Date
6 December 2016
Traditional Chinese medicine offers remedies for various ailments, including stomach disorders. Photo: Reuters
Traditional Chinese medicine offers remedies for various ailments, including stomach disorders. Photo: Reuters

How to deal with cold-damp type diarrhea

Siu Keung, a tall young guy with a thin physique, came to me one day with a cold and also bearing slightly sweaty palms.

He was looking for remedies for an easily-upset stomach that causes frequent diarrhea.

“Every day I have loose and watery stools, and often accompanied by abdominal pain and diarrhea. It is no joke when I say that I sometimes have to rush to a washroom as quickly as a gust of wind,” he said.

What he described was a typical case of the cold-dampness type of diarrhea. As he spoke in a nasal voice, I suspected that he might have a persistent rhinitis, probably the wind-cold type.

“Oh, I thought it is due to my never-ending cold as it is sometimes jammed or runny with clear fluid. But I am surely afraid of the cold weather.”

Meanwhile, he also told me about his itchy throat. It looked red and obviously indicated a mild inflammation.

He was puzzled, so I began to explain why he could be having an inflammation while his body was cold and damp.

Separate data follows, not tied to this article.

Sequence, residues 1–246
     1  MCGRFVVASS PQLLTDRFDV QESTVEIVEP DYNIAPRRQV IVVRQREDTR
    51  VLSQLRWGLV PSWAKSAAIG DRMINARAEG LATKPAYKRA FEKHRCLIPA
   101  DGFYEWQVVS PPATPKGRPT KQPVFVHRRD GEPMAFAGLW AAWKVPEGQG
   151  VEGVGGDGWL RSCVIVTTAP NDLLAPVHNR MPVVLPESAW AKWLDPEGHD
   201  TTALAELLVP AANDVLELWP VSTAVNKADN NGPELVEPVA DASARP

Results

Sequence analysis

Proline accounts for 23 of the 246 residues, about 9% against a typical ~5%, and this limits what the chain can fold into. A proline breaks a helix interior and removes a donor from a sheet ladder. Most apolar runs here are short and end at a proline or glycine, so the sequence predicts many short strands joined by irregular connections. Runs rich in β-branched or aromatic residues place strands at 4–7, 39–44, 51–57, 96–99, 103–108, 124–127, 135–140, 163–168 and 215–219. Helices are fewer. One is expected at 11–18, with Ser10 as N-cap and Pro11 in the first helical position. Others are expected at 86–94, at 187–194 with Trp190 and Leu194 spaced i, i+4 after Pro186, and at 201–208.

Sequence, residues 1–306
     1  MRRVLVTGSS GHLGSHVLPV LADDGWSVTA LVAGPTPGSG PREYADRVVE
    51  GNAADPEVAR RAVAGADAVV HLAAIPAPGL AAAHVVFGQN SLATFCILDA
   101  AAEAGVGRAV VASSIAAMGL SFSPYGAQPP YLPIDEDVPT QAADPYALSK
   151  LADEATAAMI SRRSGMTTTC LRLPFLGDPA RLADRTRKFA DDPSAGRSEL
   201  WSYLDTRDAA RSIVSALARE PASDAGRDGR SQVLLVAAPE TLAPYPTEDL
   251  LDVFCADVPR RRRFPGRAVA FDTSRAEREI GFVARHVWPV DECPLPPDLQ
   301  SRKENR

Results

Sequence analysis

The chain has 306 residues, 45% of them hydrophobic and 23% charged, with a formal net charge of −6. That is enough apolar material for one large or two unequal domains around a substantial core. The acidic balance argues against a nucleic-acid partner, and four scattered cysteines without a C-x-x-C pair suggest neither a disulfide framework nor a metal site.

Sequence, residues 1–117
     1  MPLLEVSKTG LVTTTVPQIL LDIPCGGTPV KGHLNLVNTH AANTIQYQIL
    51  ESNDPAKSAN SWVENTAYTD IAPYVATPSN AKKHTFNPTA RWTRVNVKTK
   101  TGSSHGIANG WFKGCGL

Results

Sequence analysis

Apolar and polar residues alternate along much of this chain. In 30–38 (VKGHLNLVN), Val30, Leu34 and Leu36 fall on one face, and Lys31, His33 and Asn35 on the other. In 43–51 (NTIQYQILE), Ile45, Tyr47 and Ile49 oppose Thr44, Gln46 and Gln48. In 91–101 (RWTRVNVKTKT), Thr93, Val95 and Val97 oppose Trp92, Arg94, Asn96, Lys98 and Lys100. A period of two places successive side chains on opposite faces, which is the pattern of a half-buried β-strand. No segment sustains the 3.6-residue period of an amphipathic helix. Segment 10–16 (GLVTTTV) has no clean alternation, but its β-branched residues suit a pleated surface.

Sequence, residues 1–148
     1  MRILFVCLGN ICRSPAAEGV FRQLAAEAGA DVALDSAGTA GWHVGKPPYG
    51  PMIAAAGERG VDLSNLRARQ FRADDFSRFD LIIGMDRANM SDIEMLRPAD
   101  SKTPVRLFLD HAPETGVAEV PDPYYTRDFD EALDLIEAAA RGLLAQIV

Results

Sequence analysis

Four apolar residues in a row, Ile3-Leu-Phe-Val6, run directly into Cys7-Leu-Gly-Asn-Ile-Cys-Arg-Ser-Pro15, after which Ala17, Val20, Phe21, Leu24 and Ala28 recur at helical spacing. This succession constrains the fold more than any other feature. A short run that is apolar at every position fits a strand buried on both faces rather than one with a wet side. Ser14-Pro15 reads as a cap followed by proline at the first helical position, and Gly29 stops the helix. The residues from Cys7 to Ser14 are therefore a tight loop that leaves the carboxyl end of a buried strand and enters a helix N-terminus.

“If you always sleep late, or eat too much spicy, hot or fried food, your body would accumulate a lot of heat and the throat is usually the most vulnerable part from which the inflammation begins.

“Though you don’t have a sore throat yet, your dry, itchy throat would soon become one very soon.”

Since his problem of diarrhea was more pressing, I advised him not to eat any raw or cold food. Oily food which can cause excessive bowel movements has to be avoided.

He should have congee, I told him, while adding that he may need to cut down on the consumption of vegetables and fruit slightly if necessary. It is important to keep the stomach warm.

I also wrote him a prescription for boosting his spleen functions and expelling cold from the body.

If the condition persists, I told him that he should consider acupuncture as it could help facilitate the energy flow to revitalize and remove damp and cold from the spleen.

This article appeared in the Hong Kong Economic Journal on Oct. 26.

Translation by Darlie Yiu

[Chinese version 中文版]

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Registered traditional Chinese medicine practitioner

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